End If

If xT <> "" Then

xResult = xT & xP(xCnt) & xResult

End If

If Len(xNumber) > 3 Then

xNumber = Left(xNumber, Len(xNumber) - 3)

Else

xNumber = ""

End If

xCnt = xCnt + 1

Loop

xResult = xResult & xPoint

SpellNumber = xResult

End Function

Function GetHundredsDigits(xHDgt, xB As Boolean)

Dim xRStr As String

Dim xStrNum As String

Dim xStr As String

Dim xI As Integer

Dim xBB As Boolean

xStrNum = xHDgt

xRStr = ""

On Error Resume Next

xBB = True

If Val(xStrNum) = 0 Then Exit Function

xStrNum = Right("000" & xStrNum, 3)

xStr = Mid(xStrNum, 1, 1)

If xStr <> "0" Then

xRStr = GetDigits(Mid(xStrNum, 1, 1)) & "Hundred "

Else

If xB Then

xRStr = "and "

xBB = False

Else

xRStr = " "

xBB = False

End If

End If

If Mid(xStrNum, 2, 2) <> "00" Then

xRStr = xRStr & GetTenDigits(Mid(xStrNum, 2, 2), xBB)

End If

GetHundredsDigits = xRStr

End Function

Function GetTenDigits(xTDgt, xB As Boolean)

Dim xStr As String

Dim xI As Integer

Dim xArr_1() As Variant

Dim xArr_2() As Variant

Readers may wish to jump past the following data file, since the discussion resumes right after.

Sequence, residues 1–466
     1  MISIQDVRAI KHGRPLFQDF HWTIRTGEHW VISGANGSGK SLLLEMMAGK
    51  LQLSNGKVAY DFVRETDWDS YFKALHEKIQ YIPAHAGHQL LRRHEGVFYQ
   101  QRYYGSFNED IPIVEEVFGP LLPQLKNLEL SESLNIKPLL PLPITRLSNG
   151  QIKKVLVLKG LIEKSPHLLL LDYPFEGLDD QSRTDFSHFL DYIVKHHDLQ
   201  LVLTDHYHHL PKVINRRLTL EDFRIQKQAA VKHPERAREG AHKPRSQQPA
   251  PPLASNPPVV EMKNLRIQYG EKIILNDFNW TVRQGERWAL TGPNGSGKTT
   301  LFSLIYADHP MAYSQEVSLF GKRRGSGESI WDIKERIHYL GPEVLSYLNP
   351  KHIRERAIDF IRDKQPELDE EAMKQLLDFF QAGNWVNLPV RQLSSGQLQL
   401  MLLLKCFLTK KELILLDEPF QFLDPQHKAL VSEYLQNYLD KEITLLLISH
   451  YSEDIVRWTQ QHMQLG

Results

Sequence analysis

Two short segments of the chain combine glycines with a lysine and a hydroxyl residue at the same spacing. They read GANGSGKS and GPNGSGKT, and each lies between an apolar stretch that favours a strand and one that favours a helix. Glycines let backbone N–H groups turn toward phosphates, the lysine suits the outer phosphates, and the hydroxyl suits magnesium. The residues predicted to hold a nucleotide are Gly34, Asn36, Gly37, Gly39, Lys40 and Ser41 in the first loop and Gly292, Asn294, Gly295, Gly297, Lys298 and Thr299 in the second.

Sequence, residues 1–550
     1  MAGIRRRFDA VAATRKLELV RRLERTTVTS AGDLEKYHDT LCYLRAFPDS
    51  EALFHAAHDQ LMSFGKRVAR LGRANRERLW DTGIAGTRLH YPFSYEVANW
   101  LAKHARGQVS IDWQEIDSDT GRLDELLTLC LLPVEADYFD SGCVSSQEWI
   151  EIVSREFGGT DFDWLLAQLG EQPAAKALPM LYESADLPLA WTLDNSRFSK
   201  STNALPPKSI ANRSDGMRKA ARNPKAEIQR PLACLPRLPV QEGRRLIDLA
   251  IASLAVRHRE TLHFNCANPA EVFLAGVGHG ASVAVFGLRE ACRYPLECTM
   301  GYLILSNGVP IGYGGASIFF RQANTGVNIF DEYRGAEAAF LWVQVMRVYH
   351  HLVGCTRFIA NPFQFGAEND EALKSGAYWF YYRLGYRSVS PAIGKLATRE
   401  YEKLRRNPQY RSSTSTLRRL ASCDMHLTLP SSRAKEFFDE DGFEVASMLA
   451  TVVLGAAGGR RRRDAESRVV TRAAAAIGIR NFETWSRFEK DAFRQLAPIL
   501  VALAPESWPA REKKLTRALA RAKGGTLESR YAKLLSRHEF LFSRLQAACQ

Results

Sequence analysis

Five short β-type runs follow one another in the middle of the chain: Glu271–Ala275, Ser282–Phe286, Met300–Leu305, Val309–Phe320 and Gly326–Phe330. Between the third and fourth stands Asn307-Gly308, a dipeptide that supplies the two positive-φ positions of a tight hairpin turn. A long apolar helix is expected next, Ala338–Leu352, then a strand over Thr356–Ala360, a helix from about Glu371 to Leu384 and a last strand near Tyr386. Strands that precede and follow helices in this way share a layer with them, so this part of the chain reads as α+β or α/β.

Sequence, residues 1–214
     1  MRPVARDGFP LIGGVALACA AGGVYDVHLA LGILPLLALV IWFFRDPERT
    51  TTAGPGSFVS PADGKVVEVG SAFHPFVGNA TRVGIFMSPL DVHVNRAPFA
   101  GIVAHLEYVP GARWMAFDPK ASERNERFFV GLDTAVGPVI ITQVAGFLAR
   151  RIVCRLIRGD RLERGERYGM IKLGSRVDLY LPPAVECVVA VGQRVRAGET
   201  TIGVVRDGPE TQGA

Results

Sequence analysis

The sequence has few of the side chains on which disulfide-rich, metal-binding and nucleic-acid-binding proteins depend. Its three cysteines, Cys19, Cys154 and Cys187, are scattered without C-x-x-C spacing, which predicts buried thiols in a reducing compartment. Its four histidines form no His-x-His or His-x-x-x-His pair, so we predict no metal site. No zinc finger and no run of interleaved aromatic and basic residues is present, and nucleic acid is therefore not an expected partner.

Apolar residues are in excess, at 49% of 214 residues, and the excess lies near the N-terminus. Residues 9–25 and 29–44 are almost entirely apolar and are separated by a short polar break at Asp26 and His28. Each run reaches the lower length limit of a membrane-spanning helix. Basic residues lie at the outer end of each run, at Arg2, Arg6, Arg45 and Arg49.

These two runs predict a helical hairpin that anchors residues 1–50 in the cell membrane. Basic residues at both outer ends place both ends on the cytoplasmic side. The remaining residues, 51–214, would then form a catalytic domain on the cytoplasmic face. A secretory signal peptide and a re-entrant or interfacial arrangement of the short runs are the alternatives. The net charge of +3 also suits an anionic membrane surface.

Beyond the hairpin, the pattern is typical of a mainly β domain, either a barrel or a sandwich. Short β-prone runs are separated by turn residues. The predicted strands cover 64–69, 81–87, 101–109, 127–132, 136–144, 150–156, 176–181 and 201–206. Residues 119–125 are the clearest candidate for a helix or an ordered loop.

Dim xT As Boolean

xArr_1 = Array("Ten ", "Eleven ", "Twelve ", "Thirteen ", "Fourteen ", "Fifteen ", "Sixteen ", "Seventeen ", "Eighteen ", "Nineteen ")

xArr_2 = Array("", "", "Twenty ", "Thirty ", "Forty ", "Fifty ", "Sixty ", "Seventy ", "Eighty ", "Ninety ")

xStr = ""

xT = True

On Error Resume Next

If Val(Left(xTDgt, 1)) = 1 Then

xI = Val(Right(xTDgt, 1))

If xB Then xStr = "and "

xStr = xStr & xArr_1(xI)

Else

xI = Val(Left(xTDgt, 1))

If Val(Left(xTDgt, 1)) > 1 Then

If xB Then xStr = "and "

xStr = xStr & xArr_2(Val(Left(xTDgt, 1)))

xT = False

End If

If xStr = "" Then

If xB Then

xStr = "and "

End If

End If

If Right(xTDgt, 1) <> "0" Then

xStr = xStr & GetDigits(Right(xTDgt, 1))

End If

End If

GetTenDigits = xStr

End Function

Function GetDigits(xDgt)

Dim xStr As String

Dim xArr_1() As Variant

xArr_1 = Array("Zero ", "One ", "Two ", "Three ", "Four ", "Five ", "Six ", "Seven ", "Eight ", "Nine ")

xStr = ""

On Error Resume Next

xStr = xArr_1(Val(xDgt))

GetDigits = xStr

End Function

Step 5. Close the VBA editor and return to your Excel worksheet.

Add VBA code



My Experience with Adding the SpellNumber Macro:

Integrating the SpellNumber macro in Excel was surprisingly easy. I followed steps to the Developer tab and the VBA editor, where I added the macro code. It intrigued me how numbers could turn into text. Still, I learned to be cautious; macros need accuracy to avoid disrupting the spreadsheet. Having a backup and understanding VBA's structure helped. This experience opens the door to more Excel possibilities, mixing logic with creativity.